I wish I could say that we collaborated but this piece is entirely hers. Joanna won a small, painted fabric landscape in one of my blog post giveaways. She started with a photograph she’d taken of a rusty textured (outdoor fireplace) barrel, altered it in Photoshop, had it printed on fabric, and later cut it into strips.

She cut the landscape fabric too and stitched it to her barrel pieces and then, as she writes on her blog; “I quilted it to resemble chain link fencing covered with the stems of weeds. The edges are finished with paint and yarn.”

“A Cell With A View.” by Joanna Mack

I appreciate that Joanna has had some of her photographs printed on different types of fabric and shares her thoughts about each one on her blog. To read more about “A Cell With A View” and see her other projects and be inspired, visit her blog.

Petra Heidrich is a textile and mixed media artist in Germany. She embellishes vintage photographs, postcards, and sometimes paper, using thread and floss. Petra’s embroidery layer draws me in, and then I look past it and notice the photograph. I think the embroidery stitches and photographs play and work very well together.

On her website, Petra writes – “I like to refer to embroidery as “painting with thread.”

Petra Heidrich artist
Petra Heidrich artist
Petra Heidrich artist

I recently rediscovered a box of postcards I’d gotten years ago from my parent’s estate. In the box I found a postcard that just called to be made into a photograph on fiber piece. I contacted the photographer, Bill Banaszewski, to ask for permission. So that he’d have some idea of what I had planned I attached two images from my Photograph on Fiber series. Not only did he give me permission to use his photograph but he also wrote that his wife is a quilter!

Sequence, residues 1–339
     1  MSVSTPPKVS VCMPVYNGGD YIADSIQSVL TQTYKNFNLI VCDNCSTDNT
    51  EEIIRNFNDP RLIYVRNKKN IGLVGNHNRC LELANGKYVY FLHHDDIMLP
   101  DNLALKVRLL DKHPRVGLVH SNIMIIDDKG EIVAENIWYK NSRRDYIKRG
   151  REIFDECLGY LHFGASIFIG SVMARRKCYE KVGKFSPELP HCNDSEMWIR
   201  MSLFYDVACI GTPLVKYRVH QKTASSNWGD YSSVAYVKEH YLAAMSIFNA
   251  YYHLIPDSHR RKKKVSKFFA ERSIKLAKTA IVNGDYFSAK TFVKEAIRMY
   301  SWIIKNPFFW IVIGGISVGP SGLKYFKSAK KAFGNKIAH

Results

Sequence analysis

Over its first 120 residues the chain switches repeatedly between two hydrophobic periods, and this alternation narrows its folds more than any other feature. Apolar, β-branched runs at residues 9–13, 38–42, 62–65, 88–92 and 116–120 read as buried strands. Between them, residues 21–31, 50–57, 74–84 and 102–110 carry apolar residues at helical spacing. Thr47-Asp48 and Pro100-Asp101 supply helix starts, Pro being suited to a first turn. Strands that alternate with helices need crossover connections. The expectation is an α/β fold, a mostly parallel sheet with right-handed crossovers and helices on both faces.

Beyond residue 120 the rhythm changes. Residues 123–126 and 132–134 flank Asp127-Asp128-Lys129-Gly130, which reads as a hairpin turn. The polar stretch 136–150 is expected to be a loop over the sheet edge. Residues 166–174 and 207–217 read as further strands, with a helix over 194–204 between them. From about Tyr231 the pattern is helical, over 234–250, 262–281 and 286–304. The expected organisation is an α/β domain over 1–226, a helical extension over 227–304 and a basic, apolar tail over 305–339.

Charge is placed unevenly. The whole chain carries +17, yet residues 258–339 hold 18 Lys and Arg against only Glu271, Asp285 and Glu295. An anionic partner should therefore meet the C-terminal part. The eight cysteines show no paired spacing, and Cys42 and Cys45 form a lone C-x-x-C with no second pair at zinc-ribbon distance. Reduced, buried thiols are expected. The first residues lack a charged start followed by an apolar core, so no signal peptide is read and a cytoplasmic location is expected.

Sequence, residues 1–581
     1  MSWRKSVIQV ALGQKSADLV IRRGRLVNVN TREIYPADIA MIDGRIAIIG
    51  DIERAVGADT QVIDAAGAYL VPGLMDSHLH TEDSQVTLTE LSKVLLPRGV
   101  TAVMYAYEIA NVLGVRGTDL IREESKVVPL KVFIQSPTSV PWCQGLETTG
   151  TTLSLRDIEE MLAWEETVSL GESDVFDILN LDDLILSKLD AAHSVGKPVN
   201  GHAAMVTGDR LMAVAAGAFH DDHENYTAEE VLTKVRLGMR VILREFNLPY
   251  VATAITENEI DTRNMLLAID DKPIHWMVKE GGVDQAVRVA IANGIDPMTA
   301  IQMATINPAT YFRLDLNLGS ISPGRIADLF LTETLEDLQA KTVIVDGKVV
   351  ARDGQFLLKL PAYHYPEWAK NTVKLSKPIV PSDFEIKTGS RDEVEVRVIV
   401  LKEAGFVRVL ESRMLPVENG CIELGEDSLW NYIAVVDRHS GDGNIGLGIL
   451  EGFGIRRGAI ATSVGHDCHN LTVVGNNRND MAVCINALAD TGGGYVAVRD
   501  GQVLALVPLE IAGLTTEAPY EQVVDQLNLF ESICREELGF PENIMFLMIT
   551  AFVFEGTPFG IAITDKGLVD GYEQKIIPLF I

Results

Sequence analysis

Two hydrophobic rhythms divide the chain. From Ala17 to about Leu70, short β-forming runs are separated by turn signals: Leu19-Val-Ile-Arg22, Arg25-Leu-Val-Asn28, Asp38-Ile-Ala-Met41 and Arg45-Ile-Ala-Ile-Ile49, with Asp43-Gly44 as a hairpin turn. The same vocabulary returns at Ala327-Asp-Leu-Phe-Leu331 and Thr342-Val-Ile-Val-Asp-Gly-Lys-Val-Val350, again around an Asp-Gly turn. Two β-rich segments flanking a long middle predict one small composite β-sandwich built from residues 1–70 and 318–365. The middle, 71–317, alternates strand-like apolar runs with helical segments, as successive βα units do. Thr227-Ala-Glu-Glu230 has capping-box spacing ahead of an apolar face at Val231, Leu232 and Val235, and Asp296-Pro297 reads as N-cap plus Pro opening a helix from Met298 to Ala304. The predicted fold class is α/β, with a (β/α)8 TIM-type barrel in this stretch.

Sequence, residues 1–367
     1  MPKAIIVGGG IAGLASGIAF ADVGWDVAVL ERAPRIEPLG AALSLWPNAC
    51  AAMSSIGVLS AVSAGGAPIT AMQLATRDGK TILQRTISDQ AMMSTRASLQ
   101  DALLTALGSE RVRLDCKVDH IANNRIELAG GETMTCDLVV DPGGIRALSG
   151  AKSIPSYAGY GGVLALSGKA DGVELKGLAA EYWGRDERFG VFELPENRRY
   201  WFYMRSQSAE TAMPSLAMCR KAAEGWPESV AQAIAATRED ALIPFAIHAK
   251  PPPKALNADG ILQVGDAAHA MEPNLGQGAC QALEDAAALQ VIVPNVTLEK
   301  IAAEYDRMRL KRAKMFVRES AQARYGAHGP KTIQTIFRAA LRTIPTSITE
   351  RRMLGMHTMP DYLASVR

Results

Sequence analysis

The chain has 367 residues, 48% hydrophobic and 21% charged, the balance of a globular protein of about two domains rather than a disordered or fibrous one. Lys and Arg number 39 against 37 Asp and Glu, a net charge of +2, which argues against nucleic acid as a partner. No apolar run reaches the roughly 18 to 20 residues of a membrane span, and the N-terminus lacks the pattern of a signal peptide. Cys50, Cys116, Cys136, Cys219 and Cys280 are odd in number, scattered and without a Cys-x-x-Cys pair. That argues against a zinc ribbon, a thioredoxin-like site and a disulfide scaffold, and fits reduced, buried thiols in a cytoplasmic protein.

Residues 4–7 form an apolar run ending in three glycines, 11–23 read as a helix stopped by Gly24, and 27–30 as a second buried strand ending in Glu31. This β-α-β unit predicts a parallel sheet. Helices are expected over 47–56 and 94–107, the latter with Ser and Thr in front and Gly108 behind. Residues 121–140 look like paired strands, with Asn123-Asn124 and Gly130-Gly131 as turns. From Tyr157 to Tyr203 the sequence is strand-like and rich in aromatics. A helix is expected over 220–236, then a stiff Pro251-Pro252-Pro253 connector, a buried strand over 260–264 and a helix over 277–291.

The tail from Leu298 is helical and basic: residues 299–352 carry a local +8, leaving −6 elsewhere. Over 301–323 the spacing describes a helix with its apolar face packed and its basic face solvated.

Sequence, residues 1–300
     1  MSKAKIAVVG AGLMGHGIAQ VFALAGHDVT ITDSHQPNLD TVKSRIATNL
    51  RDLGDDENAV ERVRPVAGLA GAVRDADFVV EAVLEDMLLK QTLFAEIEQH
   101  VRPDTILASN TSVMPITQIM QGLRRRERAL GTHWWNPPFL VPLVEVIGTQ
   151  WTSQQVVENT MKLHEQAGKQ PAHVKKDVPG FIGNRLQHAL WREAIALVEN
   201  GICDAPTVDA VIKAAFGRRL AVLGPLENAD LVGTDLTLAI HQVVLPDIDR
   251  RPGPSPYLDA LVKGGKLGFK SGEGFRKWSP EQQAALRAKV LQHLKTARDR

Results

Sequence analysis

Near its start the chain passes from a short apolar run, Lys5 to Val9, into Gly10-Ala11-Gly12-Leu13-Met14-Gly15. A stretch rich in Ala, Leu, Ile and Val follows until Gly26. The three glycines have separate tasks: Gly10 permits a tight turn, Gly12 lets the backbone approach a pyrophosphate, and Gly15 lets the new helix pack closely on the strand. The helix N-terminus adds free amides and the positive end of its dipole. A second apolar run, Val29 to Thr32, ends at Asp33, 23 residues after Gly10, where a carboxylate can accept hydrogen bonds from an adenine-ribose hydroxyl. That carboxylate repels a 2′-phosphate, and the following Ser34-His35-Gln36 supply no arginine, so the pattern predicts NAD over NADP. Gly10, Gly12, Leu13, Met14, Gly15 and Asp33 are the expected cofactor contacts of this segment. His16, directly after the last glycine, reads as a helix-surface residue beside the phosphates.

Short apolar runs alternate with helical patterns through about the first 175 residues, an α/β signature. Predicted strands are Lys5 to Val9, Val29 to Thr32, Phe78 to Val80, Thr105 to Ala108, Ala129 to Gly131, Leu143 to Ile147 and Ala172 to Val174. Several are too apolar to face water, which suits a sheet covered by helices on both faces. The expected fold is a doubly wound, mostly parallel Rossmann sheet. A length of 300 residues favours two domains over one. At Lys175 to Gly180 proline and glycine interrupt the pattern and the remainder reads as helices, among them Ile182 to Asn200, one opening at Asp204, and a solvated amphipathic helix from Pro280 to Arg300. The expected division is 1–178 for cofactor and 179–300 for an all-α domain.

In my original Photograph on Fiber series pieces I mounted the photo under/onto plexiglass, I don’t use it anymore, otherwise the process is essentially the same. My landscape is mounted onto a acid-free board for hanging and for this piece I slightly edited a scanned and printed copy of the postcard’s back to use as the label.

Label on backboard.

Bill has been photographing New York’s Finger Lakes for years. To see his photographs and learn more go to Finger Lakes Images.

The photograph, in this piece a postcard, is mounted about 3/4″ (not quite 2 cm) above the art quilt.

“Finger Lakes” Photograph on Fiber, mixed media art quilt by Ann L Scott. Postcard photograph, by Bill Banaszewski.
“Finger Lakes” detail.

I hope the pieces in this post have inspired you as much as they have me.

Until next time, thanks for stopping by.

Challenges

I was scrolling through Instagram recently and noticed several people taking part in different time sensitive or daily challenges. Back in November 2020 I challenged myself, and anyone interested in joining me, to Needlevember. Each day in November I/we would share something we stitched. I enjoyed the stitching but having something to show every day felt like pressure rather than pleasure. I know challenges are more fun when more people share their pieces too, but I went solo.

I’ve enjoyed creating challenge projects for Visions Art Museum Stir Crazy member challenge, I especially like that there’s no time frame for getting any of them finished. A few other artists have created project too. The idea of these projects, during the pandemic, was to find and use materials and objects you may already have around the house. VAM asked me to come up with another project for May.

The May project is mixed media but doesn’t include stitching, though I do show how I made one simple white fabric flower; these same flowers I used in my Unmaking the Soul piece…

Unmasking the Soul detail of the fabric flowers that have been colored with Neocolor ll wax pastels.

Here is the May Spring Wreaths project.

If you know anyone who may like to try a project like these Spring Wreaths, I hope you’ll share this post or the video. Thanks!